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Notice of conclusion of normal value review: Carbon and Alloy Steel Line Pipe 2 (LP2 2023 UP1)


The Canada Border Services Agency (CBSA) has today concluded a normal value review to update the normal values and export prices of certain carbon and alloy steel line pipe (line pipe) exported from the Republic of Korea to Canada by Husteel Co., Ltd (Husteel).

The review is part of the CBSA’s enforcement of the Canadian International Trade Tribunal’s (CITT) order issued on September 6, 2023 in Expiry Review No. RR-2022-001, respecting the dumping of line pipe from the Republic of Korea, in accordance with the Special Import Measures Act (SIMA).

The product definition and the applicable tariff classification numbers of the goods subject to the CITT’s finding can be found on the CBSA’s Measures in force.

Period of investigation

The period of investigation (POI) and the profitability analysis period (PAP) for the normal value review were from July 1, 2022 to June 30, 2023.

Normal value review process

At the initiation of the normal value review, the CBSA sent Requests for Information (RFIs) to the exporter Husteel and Husteel Canada to solicit information on the costs and selling prices of subject and like goods. The information was requested for purposes of determining normal values and export prices for subject goods imported into Canada.

The responses to the CBSA’s RFIs and supplemental RFIs (SRFIs) were received accordingly from Husteel and Husteel Canada. On-site verifications were conducted at the premises of Husteel and Husteel Canada in November 2023.

As part of the normal value review, case briefs and reply submissions were submitted on behalf of the Canadian producers and the responding exporter.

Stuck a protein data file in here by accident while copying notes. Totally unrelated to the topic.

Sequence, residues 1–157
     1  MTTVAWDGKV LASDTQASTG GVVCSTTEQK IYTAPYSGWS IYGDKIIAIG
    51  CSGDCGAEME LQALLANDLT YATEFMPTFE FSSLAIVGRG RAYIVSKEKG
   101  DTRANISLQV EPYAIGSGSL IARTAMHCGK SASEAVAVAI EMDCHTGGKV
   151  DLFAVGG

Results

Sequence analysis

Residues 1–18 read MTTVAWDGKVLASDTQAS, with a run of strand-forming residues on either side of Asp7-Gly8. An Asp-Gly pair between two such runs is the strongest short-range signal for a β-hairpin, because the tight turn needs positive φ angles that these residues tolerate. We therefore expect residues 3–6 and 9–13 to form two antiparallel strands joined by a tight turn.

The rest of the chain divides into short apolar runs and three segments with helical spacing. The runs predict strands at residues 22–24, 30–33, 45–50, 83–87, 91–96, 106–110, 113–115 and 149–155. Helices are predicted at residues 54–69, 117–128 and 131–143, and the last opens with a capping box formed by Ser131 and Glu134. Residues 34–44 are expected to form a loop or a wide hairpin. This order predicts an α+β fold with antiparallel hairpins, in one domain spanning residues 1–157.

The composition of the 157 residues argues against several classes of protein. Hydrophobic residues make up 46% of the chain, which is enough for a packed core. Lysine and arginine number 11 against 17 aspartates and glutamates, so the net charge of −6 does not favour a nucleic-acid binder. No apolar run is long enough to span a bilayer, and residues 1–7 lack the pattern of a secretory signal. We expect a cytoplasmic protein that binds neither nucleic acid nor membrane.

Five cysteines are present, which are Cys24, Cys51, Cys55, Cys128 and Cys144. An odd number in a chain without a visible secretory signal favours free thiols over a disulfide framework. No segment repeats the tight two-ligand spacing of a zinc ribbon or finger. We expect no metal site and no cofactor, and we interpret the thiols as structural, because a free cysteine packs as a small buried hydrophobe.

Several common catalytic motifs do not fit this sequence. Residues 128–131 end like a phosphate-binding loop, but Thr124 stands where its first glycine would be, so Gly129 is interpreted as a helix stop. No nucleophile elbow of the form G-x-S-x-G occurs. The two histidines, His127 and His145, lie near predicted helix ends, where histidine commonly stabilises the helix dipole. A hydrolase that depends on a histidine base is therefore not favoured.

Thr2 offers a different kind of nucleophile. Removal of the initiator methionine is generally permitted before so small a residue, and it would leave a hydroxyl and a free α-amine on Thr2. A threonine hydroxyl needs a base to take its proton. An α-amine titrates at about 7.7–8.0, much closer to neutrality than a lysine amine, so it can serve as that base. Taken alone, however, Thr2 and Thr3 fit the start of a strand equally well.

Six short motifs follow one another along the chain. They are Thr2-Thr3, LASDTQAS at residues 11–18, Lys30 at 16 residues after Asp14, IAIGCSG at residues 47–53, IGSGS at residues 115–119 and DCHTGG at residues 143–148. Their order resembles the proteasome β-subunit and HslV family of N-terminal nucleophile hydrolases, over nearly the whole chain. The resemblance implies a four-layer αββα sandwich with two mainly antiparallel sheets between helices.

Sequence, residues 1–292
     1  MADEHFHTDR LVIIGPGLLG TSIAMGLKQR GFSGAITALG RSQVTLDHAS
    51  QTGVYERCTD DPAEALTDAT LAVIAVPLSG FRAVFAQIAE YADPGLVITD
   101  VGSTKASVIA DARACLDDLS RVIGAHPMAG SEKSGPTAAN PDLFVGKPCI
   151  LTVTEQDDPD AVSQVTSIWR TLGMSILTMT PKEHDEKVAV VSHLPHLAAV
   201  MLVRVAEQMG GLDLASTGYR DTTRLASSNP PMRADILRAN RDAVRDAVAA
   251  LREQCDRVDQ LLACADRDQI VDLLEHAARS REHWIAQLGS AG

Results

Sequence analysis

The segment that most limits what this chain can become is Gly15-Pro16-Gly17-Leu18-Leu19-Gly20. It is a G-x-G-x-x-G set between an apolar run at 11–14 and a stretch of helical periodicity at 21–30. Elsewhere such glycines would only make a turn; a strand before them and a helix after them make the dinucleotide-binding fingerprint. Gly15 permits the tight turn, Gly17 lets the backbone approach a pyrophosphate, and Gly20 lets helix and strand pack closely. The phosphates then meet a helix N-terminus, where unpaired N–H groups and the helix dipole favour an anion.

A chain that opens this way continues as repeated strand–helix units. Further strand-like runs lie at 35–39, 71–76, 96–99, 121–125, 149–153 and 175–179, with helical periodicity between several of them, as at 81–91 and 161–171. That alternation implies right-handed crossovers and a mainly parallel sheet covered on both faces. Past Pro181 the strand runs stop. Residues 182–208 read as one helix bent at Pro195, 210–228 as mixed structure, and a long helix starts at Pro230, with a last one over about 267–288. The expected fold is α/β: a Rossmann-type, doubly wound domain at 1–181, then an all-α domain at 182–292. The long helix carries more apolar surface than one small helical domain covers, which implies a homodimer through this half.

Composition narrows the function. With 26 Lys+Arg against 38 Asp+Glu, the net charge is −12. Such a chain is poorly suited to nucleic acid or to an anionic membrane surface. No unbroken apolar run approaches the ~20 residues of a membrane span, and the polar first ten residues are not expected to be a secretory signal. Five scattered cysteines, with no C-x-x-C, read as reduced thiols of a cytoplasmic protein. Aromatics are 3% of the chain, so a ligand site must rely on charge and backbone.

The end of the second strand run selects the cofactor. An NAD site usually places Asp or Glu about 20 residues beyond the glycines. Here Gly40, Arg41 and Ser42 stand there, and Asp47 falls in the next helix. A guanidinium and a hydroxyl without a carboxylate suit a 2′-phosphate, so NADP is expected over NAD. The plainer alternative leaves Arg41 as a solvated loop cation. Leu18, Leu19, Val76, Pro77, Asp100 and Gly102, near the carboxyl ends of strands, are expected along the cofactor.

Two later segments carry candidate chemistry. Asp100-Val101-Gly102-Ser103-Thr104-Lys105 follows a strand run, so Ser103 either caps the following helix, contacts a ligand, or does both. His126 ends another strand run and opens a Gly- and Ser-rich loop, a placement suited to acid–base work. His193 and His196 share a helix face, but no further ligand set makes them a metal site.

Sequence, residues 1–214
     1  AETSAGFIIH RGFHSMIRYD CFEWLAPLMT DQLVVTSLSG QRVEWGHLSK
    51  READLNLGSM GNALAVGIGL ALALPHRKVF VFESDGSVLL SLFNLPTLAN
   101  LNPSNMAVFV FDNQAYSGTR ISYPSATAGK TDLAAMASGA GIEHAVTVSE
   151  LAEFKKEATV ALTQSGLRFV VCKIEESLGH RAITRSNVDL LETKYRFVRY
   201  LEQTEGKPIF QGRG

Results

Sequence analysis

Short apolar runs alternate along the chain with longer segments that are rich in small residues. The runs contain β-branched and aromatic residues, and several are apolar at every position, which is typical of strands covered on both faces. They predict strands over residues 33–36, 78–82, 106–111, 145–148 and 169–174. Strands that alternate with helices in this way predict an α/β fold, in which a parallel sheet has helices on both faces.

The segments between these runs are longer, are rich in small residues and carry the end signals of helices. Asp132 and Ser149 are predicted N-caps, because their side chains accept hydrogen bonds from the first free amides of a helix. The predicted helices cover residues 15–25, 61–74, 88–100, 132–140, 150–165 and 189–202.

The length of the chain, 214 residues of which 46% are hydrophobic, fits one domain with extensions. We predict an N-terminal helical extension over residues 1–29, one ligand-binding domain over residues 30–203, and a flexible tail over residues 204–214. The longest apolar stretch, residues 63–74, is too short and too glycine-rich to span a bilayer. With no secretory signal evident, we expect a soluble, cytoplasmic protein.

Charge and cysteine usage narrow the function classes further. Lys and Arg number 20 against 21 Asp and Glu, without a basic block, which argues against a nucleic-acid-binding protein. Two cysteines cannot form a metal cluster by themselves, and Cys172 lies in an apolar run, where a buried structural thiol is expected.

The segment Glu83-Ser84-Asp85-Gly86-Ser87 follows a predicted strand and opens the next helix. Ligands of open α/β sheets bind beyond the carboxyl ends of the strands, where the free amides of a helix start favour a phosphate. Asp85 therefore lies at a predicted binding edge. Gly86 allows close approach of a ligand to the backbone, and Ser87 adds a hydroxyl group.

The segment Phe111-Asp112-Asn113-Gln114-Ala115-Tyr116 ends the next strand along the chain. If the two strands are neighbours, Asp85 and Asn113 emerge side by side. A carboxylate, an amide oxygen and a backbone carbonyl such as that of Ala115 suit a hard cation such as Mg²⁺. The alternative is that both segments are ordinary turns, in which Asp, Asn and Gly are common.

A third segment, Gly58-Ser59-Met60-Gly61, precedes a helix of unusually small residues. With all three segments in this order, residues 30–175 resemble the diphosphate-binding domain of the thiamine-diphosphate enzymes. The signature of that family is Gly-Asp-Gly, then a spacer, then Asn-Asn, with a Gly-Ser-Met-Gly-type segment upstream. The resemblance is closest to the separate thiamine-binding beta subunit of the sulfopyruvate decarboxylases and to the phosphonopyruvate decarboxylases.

During the course of the normal value review, counsel for the Canadian producers, Exporter and Importer discussed various concerns pertaining to the responses to the RFIs and SRFIs provided by the exporter and importer. Issues raised included: cost of production reporting methodologies, input purchases, pricing and other various alleged inconsistencies and deficiencies within the responses.

There were a number of exporter specific issues that were raised by counsel for the complainants as well. In order to respect the confidentiality designations made by interested parties, the CBSA is limited in the information that can be divulged in response to arguments made concerning certain topics.

Counsel for the Canadian producer made several arguments pertaining to retroactive assessment of duties. Counsel argued that, given these circumstances, the CBSA should consider issuing retroactive anti‑dumping duty assessments.

CBSA response

Due consideration has been given to submissions on the topics raised in case briefs on a case by case basis and appropriate adjustments were made, as applicable, in accordance with SIMA and SIMR. Additional information on the calculation of normal values is provided to exporters in the confidential exporter conclusion letters.

Upon completion of the normal value review, the CBSA will be conducting an analysis of subject imports from exporters of subject goods during the POI, to determine whether retroactive assessments are warranted. The analysis will rely on information provided via RFI and Supplemental RFI responses received, representations submitted by parties, on-site verifications and any other available relevant information.

Normal values and export prices

Normal value

Specific normal values for future shipments of subject goods have been determined for the participating exporter. These normal values are effective today, March 27, 2024.

The exporter’s RFI response included a domestic sales database of like goods, as such, normal values were determined in accordance with paragraph 15 of SIMA where possible.